Wed. Jul 17th, 2024

Cara Brookins was emotionally destroyed when her second abusive marriage ended. She rehabilitated by building her own house, which she learned to do by watching YouTube videos.

When the mother of four was forced to sell the Bryant, Arkansas, house she lived with her soon-to-be-ex in 2007, she began looking for a new place.

However, all the computer programmer analysts could afford at the moment was too tiny. Brookins, too, felt obliged to act in order to reconcile her family. “However,” she confesses, “I had no idea what that should be.”

As a result, Brookins designed a strategy to build her own home from the ground up.

“No one else viewed it this way, and in retrospect, it sounds absurd.”

Brookins purchased $20,000 for a one-acre plot of property and obtained a $150,000 construction loan.

She also started studying YouTube tutorials to learn how to construct a foundation, build a wall, run a gas line, and install plumbing, among other things.

Her children, ages 2 to 17, helped her throughout the nine-month construction of the 3,500-square-foot home.

Drew, who was 15 at the time, helped Brookins create plans.

Jada, then 11, used buckets to transfer water from a neighbor’s pond, which she mixed with 80-pound sacks of concrete to build the foundation mortar because there was no running water on-site.

“It seemed impossible the whole way through,” Brookins, who worked while the kids were at school, recalls.

Brookins drove her family to the five-mile-away construction site after school and worked late into the night on the new house.

YouTube videos were grainy back then, and there were various methods to complete a task.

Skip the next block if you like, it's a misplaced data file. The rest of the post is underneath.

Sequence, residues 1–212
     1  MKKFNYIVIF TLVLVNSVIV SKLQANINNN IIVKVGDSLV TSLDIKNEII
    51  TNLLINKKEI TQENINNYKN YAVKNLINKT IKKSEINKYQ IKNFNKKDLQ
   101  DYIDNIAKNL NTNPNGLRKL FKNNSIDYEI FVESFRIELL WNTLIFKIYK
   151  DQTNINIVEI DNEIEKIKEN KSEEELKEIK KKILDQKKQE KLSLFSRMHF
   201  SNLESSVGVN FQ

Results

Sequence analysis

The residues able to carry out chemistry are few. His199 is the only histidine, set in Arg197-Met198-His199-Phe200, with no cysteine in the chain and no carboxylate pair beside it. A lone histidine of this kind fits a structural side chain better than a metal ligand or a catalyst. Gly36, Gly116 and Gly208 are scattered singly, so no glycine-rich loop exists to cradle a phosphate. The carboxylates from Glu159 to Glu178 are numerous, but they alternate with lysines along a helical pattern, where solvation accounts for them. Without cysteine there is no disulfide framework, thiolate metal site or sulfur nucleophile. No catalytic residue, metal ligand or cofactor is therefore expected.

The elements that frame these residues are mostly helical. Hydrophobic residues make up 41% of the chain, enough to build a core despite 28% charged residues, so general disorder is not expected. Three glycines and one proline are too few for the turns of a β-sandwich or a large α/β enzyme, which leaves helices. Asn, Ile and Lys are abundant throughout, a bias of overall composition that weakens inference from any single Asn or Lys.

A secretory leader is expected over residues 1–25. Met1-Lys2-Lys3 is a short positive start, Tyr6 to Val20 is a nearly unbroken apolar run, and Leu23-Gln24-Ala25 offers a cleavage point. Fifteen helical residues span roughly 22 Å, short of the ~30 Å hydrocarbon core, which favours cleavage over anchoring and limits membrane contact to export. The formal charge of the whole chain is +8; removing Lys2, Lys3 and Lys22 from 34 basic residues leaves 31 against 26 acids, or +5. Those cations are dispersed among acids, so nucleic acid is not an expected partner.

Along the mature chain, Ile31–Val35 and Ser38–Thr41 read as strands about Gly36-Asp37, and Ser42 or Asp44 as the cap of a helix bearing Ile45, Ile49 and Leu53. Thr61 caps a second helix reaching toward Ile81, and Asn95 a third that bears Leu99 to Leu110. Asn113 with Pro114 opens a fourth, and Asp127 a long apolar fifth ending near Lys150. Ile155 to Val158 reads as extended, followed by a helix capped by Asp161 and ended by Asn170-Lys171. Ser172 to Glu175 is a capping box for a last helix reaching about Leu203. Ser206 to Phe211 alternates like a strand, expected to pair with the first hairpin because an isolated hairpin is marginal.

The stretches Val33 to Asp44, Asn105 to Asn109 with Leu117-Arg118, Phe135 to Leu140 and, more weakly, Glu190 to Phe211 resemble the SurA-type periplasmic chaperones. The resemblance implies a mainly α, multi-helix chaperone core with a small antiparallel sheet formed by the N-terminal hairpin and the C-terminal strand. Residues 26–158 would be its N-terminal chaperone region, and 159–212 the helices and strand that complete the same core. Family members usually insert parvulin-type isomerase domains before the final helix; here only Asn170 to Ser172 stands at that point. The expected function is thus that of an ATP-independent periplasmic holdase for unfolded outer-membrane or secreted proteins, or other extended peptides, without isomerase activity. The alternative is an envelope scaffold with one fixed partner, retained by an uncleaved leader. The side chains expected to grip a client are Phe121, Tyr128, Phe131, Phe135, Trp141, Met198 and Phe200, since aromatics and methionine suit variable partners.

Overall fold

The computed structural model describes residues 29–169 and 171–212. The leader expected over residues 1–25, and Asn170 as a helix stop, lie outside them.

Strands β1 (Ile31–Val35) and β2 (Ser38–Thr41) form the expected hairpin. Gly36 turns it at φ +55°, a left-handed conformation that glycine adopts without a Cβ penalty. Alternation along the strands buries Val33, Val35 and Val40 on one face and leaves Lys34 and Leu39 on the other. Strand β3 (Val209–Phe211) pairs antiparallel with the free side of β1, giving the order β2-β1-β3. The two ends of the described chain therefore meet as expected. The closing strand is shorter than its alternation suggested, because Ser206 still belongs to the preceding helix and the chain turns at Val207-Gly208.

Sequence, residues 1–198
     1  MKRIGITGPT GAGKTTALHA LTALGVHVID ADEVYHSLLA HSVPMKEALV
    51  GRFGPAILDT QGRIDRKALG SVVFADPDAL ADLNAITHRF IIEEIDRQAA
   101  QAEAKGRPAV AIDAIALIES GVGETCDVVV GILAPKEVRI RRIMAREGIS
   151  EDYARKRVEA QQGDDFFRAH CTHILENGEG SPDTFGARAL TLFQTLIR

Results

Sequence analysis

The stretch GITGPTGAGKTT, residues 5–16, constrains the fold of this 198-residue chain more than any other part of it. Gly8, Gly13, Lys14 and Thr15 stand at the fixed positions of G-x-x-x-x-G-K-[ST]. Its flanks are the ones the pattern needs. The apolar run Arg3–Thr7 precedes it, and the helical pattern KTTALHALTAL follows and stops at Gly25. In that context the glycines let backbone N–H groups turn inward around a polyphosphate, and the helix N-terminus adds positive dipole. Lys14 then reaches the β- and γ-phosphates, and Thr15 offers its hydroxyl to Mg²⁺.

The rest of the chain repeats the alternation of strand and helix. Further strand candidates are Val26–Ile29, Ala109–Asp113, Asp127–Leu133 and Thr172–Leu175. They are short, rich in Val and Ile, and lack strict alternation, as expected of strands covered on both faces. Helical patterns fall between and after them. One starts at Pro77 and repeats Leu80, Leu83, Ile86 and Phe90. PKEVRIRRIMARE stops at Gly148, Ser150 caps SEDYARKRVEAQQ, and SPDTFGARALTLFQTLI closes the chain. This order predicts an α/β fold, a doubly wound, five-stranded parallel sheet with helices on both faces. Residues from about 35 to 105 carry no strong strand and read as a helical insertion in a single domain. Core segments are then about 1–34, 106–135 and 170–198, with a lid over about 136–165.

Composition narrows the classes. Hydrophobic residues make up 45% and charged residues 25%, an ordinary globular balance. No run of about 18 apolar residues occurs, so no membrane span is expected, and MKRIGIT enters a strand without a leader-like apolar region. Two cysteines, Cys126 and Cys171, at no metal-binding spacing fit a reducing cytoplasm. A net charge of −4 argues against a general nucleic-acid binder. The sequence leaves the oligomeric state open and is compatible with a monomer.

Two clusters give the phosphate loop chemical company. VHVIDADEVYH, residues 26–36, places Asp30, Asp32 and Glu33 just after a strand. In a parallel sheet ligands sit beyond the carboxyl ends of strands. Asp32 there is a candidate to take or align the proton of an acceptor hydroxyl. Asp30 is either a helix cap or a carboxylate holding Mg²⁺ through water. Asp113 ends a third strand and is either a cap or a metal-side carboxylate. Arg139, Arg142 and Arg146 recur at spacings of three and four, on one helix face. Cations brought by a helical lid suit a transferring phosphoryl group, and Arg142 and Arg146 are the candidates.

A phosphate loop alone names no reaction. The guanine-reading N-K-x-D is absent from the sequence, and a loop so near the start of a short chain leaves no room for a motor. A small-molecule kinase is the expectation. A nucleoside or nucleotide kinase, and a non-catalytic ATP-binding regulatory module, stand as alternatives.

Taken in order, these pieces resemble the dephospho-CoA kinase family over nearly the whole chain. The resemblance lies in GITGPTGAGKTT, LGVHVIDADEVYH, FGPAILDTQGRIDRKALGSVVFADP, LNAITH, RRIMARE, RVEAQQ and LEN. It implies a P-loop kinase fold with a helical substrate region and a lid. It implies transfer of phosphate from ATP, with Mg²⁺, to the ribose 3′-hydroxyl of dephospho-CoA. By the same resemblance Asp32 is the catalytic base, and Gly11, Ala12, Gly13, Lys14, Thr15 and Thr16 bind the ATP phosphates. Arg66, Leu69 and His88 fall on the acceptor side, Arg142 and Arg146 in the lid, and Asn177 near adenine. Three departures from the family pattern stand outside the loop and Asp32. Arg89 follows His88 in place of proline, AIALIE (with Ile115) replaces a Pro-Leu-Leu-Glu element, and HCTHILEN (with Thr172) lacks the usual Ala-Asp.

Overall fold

Brookins hired a part-time firefighter with building experience for $25 an hour to help with some of the more difficult tasks. “He was a step ahead of us in terms of knowledge,” she recalls.

On March 31, 2009, Brookins and her children moved into the five-bedroom house. In recognition of her desire to be a writer, she named it Inkwell Manor.

Brookins has since published a number of middle-grade and young-adult novels, as well as a memoir, Rise: How a House Built a Family, which will be available on January 24.

Brookins was able to break out from her depression by constructing the house. “We were horrified that constructing our own shelter was our only option,” Brookins adds.

“It wasn’t anything we were really proud of. It ended up being the best thing I could have done for myself.”

“If I can build a complete house as a 110-pound computer programmer,” she says, “you can achieve anything you set your mind to.”

“Set a single goal and stick to it.  Find that big thing you want to do, take baby steps toward it, and bring people who need to heal along for the ride. That holds a lot of power.”